Institutionalising the evaluation function: A South African study of impartiality, use and cost

Caitlin, Blaser Mapitsa
Dr Takunda, Chirau
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Purpose: This article explores the implications of outsourcing the evaluation function in South Africa, a context where there is a mismatch between evaluation supply and demand. It unpacks the tradeoffs between internal and external evaluation, and challenges some commonly held assumptions about both. Approach: Based on experiences as an internal evaluator, external evaluator, evaluation manager, and building evaluation capacity, the author explores how each role changes when evaluation is a scarce skill, and looks at implications outsourcing has for both the organization, and the evaluation. Findings: The purpose of the evaluation must drive the decision to outsource. However, with changing models of collaboration, there may be hybrid options that allow organizations to build evaluation capacity. Practical implications: Organisations are faced with a trade-off between commissioning an evaluation, and building internal evaluation capacity. To better understand each approach, it is important to consider the purpose and context of the evaluation. This shifts some commonly held assumptions about internal and external evaluations. Re-examining these assumptions will help organizations make a more informed decision about an evaluation approach. Originality/value: The field of evaluation is particularly concerned with evaluation use. Most of the literature on this has focused on the approach of individual evaluators, and insufficient attention has been paid to the institutional architecture of the evaluation. This article considers how some of the organisational structures around an evaluation contribute to evidence use, and the case study of South Africa also shifts the focus to the central but overlooked role of context in the debate.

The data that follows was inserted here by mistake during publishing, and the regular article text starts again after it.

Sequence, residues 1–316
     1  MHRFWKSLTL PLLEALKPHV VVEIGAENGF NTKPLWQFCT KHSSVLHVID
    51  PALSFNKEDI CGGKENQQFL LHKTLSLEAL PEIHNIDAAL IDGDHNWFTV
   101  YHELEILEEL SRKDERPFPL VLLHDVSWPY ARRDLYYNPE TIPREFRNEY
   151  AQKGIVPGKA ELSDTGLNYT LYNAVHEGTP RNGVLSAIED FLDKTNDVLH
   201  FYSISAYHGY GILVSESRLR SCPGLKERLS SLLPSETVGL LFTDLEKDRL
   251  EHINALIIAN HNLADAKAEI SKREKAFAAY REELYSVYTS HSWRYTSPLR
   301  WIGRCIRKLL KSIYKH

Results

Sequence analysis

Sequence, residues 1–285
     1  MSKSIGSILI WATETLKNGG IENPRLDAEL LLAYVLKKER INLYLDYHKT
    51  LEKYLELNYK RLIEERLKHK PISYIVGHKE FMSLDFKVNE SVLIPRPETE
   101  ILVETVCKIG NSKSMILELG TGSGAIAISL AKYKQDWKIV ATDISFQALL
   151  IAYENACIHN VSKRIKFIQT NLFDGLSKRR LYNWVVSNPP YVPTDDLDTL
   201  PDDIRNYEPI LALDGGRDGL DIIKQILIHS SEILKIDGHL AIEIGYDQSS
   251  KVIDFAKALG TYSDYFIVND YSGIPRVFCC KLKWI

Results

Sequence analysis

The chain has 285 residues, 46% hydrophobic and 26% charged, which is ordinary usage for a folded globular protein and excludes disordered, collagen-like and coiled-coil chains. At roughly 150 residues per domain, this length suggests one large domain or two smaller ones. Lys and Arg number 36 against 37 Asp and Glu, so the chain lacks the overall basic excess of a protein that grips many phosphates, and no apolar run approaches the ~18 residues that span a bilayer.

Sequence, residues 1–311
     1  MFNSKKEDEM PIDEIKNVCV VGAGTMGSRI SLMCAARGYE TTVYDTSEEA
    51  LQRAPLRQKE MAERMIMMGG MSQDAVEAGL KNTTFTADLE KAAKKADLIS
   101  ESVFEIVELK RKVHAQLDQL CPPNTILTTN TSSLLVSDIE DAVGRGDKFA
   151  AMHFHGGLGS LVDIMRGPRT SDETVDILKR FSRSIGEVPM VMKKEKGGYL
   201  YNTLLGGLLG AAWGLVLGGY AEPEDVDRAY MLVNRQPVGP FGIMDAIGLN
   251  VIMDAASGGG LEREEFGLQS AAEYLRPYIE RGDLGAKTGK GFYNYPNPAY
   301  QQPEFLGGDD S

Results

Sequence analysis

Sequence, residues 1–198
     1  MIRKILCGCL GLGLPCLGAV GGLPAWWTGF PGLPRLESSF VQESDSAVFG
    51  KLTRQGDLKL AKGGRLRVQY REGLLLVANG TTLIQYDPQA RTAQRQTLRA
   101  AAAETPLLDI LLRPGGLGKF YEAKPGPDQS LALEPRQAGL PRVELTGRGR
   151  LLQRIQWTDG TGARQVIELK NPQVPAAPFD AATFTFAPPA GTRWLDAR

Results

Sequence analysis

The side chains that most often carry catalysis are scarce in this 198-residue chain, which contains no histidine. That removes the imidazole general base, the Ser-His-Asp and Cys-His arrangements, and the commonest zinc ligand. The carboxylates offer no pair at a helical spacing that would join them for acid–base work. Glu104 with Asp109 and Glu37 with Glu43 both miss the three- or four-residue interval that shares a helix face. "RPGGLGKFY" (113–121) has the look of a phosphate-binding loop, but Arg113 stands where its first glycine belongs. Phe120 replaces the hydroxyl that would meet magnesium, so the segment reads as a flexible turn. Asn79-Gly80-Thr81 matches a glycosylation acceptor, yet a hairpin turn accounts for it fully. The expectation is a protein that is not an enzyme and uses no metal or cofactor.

Institutionalising the evaluation function: A South African study of impartiality, use and cost